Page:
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Engine Exhaust Maintenance (MerCruiser)


Bad exhaust components will ruin your engine. Most stock exhaust components are made of iron and rusts. If the water passages rust through to the dry exhaust passages then water will enter the engine and do serious damage.

Water intrusion damage from bad, leaking exhaust components is the number one reason for marine engine failure – according to many mechanics.

Exhaust elbow gaskets tend to start leaking after several months and if they aren't tended to right away, will cause rust to the valves and cylinder walls.

Problem Symptoms

If you notice an excess amount of white bellowing smoke (steam) coming from the exhaust then there is a good chance that someplace you have a leak.

Sometimes, customers will complain of hard starting or a "hydro-lock" situation. Water in the cylinders won't compress and this could cause serious damage.

Overheating at high rpm could be an indication that the exhaust water passages are getting clogged with rust. If the exhaust is rusted that bad then it's getting ready to leak if it isn't already!

Any visible external leakage at the riser gasket area is a serious indication that damage is about to occur.

If you remove the spark plugs and find rust or water then you may have an exhaust water leak.

If you are getting an arcing (snapping noise) from the ignition coil, then you might be getting water in a cylinder.

Smart Decisions

According to experienced mechanics, exhaust elbows last approximately 2 years. Exhaust manifolds tend to fail at about 4 years. These periods will vary depending on the environmental factors where the engine is run.

If you suspect an exhaust problem, don't ignore it! You may only need some new riser gaskets installed.

It's very important to prevent further engine damage. Fogging the engine works well to keep the cylinders and valves from rusting further.

You may want to pull the plugs and fill each cylinder with Marvel Mystery Oil which works great.

Don't run the boat with bad exhaust! It will cost you $$$! Get the good stuff. Generally, in the marine industry, you get what you pay for. Don't get cheap when it comes to exhaust. NEVER buy or install used parts.

The experienced techs in the industry always get a good laugh when customers ask about buying used exhaust parts. The aftermarket junk has improved somewhat but still, NOTHING beats quality factory replacements.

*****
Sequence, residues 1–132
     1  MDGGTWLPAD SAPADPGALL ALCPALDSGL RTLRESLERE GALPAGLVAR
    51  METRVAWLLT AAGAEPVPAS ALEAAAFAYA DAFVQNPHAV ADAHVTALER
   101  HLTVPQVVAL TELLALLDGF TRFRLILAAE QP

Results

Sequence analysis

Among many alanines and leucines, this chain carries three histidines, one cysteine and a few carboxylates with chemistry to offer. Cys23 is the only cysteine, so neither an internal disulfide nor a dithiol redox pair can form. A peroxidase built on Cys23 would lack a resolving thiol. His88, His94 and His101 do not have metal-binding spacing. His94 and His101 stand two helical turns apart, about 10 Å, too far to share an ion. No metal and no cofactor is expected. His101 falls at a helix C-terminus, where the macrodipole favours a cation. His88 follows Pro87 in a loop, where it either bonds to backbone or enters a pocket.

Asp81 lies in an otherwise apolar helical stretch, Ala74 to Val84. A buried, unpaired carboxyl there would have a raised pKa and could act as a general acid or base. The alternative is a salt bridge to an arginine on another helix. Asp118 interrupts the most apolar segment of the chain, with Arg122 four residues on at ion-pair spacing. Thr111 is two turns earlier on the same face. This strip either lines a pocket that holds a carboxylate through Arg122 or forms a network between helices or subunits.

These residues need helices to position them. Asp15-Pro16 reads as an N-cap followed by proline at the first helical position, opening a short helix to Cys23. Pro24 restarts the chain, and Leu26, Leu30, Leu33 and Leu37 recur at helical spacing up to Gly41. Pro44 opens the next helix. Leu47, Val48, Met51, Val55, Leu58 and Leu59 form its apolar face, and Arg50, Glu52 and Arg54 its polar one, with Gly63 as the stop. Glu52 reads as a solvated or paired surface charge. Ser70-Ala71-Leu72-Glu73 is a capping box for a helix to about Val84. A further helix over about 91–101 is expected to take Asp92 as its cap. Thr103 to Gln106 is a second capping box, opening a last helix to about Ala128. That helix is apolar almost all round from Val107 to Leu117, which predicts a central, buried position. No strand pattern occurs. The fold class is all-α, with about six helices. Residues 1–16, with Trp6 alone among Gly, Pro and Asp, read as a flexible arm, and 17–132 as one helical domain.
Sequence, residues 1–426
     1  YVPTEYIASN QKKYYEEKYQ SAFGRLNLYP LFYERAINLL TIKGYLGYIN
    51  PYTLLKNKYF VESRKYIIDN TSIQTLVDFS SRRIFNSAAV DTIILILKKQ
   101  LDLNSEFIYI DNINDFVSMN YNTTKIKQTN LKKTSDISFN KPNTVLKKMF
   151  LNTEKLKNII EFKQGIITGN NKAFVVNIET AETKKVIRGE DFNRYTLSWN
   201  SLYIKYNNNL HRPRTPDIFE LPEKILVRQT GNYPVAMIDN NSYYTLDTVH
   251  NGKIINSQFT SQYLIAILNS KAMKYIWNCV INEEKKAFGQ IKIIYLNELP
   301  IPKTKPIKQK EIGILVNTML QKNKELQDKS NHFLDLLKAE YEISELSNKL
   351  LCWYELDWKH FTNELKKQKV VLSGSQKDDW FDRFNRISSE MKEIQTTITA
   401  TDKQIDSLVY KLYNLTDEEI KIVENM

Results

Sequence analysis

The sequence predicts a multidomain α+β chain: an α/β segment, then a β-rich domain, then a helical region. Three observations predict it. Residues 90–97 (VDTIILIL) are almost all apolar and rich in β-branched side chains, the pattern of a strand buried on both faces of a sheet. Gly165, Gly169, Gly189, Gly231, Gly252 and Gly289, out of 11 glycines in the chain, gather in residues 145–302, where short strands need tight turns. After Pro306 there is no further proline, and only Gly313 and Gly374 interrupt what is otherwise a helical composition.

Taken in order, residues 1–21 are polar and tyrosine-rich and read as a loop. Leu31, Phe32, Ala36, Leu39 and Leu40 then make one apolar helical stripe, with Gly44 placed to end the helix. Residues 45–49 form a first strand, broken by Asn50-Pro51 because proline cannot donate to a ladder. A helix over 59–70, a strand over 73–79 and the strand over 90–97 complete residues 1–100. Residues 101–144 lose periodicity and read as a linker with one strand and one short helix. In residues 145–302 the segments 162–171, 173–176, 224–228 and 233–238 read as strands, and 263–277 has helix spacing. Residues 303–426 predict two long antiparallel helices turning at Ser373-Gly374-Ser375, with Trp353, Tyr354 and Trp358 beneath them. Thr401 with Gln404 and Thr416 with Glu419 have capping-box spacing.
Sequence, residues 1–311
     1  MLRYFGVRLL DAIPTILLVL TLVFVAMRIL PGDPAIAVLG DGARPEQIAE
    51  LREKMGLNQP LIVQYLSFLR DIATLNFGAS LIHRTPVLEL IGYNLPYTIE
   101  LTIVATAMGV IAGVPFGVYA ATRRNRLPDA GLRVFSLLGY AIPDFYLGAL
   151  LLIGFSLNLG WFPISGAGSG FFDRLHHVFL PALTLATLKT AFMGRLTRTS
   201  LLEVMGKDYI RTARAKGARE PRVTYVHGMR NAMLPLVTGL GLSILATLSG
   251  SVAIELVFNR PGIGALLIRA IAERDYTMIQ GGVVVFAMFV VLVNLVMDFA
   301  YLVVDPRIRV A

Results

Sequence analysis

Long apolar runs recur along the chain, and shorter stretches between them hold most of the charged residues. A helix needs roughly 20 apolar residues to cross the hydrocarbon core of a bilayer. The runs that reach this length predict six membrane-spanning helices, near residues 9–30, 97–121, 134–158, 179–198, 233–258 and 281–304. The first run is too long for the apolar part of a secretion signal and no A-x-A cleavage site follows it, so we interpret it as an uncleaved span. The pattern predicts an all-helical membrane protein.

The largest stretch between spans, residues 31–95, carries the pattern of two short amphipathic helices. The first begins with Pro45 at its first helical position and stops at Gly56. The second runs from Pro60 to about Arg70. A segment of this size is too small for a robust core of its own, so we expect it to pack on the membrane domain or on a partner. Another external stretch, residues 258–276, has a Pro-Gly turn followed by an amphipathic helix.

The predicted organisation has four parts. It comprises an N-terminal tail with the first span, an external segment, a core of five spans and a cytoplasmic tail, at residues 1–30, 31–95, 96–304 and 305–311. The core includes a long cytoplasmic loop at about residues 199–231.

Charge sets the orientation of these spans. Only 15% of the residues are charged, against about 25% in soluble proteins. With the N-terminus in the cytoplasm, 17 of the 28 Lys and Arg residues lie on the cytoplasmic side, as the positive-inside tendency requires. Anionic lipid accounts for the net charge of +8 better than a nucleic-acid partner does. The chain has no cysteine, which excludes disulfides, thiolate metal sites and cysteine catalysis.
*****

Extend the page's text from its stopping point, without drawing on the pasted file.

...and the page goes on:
If one side is leaking... then the other side should be replaced too. If you remove the elbows and the metal surfaces are rusted bad, thin walled or brown in color then the casting is junk. Throw it out and get new.

Acid boiling of castings should ONLY be to clean off surface rust. Boiling the castings in acid will only thin the walls more, thus adding to the leaks!

Disassembly, Inspection and Replacement

The manifolds HAVE to be drained before disassembly. There is usually a drain cock or brass plug(s) in the bottom of the manifolds and elbows. Some manifolds have a hose attached at the bottom. Removing the hose will also drain the manifold. Use a screw driver or 5/16" socket and loosen all the hose and bellows clamps. Remove the shift bracket from the elbow and any modules or mounting brackets. Remove any hoses which are attached to the manifolds and/or risers. Unbolt the riser from the manifold. You may have to tap it with a soft board to knock it loose.

Inspect the gasket surface area after scraping the gasket material off. If you see rust in the central exhaust passage area then a problem exists. If you think the gasket may have been leaking, then you need to really really clean the mating surfaces. If the metal has a mushy brown look after cleaning, then throw the castings out. The gasket surface areas should have a shiny metal appearance to be usable.

Removing the exhaust manifolds is pretty straight forward stuff. Just unbolt them. Sometimes the manifold mounting bolts are rusted away. This makes it tough and you may find that it helps to hammer a smaller size metric socket on the heads to get them out. Really bad bolts may have to cut off with a really good carbide cutter.

Look into the heads exhaust ports and inspect the exhaust valve stems. There should be no rust on the valve stems! If you see rust, then spray some Liquid Wrench or PB Blaster on the stems. Before reassembling the engine, check the compression!

Clean all the gasket mounting surfaces before installing the new exhaust. Make sure all the fittings and pipe plugs are installed with Permatex 2B or better sealant. The MerCruiser manifold and riser gaskets need NO SEALANTS! Reinstall all the accessories and make sure you mount the ignition module ground wires!

Recheck the bolt tightness and the hose clamps after the engine has been warmed up once or twice. You might smell some weird smells while the new coatings are burning-in. Keep these new castings clean and inspect for leaks quite often. To help them last, flush the engines with fresh water after every single use.

A MerCruiser manifold will typically cost about $400.00 each A MerCruiser elbow will average around $200 each.

Excerpted from www.sterndrives.com

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